Pair a sit-stand desk with an Anti-Fatigue Mat, designed to cushion and encourage subtle movement and reduce fatigue caused by prolonged standing and you’re set.
Under desk Footrests
To relieve the pain and physical tension of sitting at a desk for extended periods, an ergonomic footrest may be for you. With an adjustable height and angled footrest, you’ll be in maximum comfort while reducing any strain on your legs, back, and neck. Even better, select one with a textured design surface to massage your feet while you work!
If you spend most of your day in front of a screen scrolling and clicking, especially, if you’re struggling with hand and finger pain, you may want to consider investing in an ergonomic mouse. The size and shape of a mouse are important; choose one that ensures your hand remains in a neutral and relaxed position for effortless scrolling.
Don’t forget ergonomic accessories that can also comfortable all day. We recommend a Keyboard Gel Wrist Rest and Keyboard Gel Palm Support. Moulded gel cushions can help relieve pressure on the wrists by keeping your hands and wrists in the correct ergonomic position.
Sharing your working from home set up with others
The next thing you need to consider is if and how your work from home space may affect others. You may be working from home, but that doesn’t necessarily mean you’re working alone. You may share your work space with a partner, family members, housemates or even pets. As you continue working from home you must figure out how working from home affects those around you. The nature of your working environment may have changed, but that doesn’t mean that the available space in your home has adapted to fit an extra desk.
Here are some suggestions for a more harmonious work set up:
A long-term home office should ideally be a dedicated space that is properly outfitted for work. Of course not everyone has a spare room that they can convert into a home office. Try creating zones, with separate desks, storage and task lighting so that each person who needs to work can personalise it to their own preferences.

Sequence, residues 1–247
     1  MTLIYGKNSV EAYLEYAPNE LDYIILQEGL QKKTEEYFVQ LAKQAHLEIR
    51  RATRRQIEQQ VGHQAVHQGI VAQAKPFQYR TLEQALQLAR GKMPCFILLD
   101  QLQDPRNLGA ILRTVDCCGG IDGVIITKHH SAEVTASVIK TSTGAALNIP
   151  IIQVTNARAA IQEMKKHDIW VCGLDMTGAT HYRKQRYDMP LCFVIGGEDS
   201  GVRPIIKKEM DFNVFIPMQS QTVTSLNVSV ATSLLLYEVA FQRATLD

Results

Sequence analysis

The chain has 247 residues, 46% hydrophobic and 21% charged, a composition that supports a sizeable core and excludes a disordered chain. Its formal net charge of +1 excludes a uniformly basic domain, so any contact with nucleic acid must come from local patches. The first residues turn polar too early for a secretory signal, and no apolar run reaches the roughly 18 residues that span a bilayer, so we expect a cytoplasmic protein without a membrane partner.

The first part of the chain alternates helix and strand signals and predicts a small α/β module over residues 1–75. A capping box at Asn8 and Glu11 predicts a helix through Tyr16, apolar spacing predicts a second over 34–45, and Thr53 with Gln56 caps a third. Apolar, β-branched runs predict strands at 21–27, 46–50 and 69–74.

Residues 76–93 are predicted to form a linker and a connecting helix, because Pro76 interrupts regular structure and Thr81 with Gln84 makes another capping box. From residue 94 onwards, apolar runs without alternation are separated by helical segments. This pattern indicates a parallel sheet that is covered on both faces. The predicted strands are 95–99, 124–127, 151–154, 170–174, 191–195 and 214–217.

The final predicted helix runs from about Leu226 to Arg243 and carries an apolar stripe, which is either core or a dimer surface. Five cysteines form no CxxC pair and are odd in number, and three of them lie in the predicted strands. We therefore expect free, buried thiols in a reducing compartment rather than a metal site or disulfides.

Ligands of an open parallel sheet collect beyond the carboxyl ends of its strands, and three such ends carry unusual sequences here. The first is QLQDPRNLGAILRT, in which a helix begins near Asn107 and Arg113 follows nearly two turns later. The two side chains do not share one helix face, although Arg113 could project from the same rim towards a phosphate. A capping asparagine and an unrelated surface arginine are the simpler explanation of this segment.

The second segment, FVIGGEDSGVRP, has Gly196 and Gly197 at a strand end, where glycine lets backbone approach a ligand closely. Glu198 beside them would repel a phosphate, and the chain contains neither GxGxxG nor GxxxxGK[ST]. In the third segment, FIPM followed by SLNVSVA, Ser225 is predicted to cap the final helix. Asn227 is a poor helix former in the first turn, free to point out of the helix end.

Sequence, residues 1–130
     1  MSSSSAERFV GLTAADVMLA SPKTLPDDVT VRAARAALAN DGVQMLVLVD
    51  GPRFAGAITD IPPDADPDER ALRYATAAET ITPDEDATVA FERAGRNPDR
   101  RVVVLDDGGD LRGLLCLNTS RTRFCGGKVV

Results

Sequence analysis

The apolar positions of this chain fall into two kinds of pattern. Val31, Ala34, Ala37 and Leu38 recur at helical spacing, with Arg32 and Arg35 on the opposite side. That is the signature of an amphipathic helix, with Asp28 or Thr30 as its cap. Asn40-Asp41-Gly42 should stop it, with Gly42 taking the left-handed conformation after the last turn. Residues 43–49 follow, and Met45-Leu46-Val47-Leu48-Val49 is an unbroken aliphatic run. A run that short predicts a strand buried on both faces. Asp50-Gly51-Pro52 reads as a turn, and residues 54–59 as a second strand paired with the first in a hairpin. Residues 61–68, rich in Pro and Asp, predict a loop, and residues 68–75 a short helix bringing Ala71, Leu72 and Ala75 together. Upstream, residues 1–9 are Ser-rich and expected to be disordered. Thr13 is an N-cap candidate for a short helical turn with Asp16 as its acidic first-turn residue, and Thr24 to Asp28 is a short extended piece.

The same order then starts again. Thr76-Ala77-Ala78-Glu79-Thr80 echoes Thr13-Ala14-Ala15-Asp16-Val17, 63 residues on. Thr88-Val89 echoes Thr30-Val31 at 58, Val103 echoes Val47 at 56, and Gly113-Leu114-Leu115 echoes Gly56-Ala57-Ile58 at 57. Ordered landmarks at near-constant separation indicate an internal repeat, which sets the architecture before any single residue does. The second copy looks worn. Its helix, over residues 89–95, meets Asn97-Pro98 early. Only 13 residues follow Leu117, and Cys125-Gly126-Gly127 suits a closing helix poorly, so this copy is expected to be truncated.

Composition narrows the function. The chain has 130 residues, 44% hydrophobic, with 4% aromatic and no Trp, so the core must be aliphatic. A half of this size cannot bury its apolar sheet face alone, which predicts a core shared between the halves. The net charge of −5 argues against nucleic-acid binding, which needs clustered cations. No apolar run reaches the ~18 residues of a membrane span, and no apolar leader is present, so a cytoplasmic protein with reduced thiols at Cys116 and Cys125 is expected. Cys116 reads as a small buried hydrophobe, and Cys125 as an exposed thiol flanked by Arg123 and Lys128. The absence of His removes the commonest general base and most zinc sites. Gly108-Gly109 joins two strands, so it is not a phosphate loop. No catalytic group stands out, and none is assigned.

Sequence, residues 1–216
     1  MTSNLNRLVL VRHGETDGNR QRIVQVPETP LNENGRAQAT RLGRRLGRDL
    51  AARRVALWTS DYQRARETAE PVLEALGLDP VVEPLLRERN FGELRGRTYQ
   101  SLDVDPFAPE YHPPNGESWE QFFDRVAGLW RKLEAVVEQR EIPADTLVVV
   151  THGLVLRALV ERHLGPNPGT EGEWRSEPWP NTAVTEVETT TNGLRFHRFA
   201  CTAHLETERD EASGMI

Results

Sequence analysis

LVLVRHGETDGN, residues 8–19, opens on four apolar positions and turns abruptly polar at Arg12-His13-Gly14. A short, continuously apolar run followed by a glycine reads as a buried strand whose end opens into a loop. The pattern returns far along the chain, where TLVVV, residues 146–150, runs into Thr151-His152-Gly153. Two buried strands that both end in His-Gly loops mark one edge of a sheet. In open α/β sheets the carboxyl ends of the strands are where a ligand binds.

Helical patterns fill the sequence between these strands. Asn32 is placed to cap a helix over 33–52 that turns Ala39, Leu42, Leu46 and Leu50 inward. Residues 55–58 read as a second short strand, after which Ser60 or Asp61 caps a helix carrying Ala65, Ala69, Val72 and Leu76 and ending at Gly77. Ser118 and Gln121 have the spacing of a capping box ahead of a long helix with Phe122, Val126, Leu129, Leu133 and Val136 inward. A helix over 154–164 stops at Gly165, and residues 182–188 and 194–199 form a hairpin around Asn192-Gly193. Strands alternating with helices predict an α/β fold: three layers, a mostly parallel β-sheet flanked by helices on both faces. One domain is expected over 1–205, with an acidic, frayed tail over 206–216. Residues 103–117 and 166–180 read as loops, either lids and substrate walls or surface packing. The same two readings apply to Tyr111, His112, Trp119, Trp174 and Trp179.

Ensure that your office furniture doesn’t overwhelm your living and leisure space so you can all switch off long after work hours. Things like pot plants and attractive screenings can lessen that ‘office look.’
If you’re working from home with children or other people who aren’t working, it’s a good idea to lay some ground rules concerning your professional needs and space. Just because you’re working from home doesn’t mean you’re at leisure. During work hours, you’re working. Consider using some kind of physical indicator that you shouldn’t be disturbed, such as a sign, or set ground rules that between your start and finishing work hours you are not to be disturbed.
If you’re working alongside others, respect each other’s work styles and quiet times. Plan to work on alternating phone call scheduling, step outside or away to another part of the house when you take a work call and wear headphones when listening to audio.
One of the biggest challenges is working with young children around, but there are solutions. Try and maximise work while your kids are sleeping, or preferably organise another caretaker at home. If this isn’t possible, keeping them occupied helps, such as organising a toddler-sized desk alongside you stocked with crayons and toys!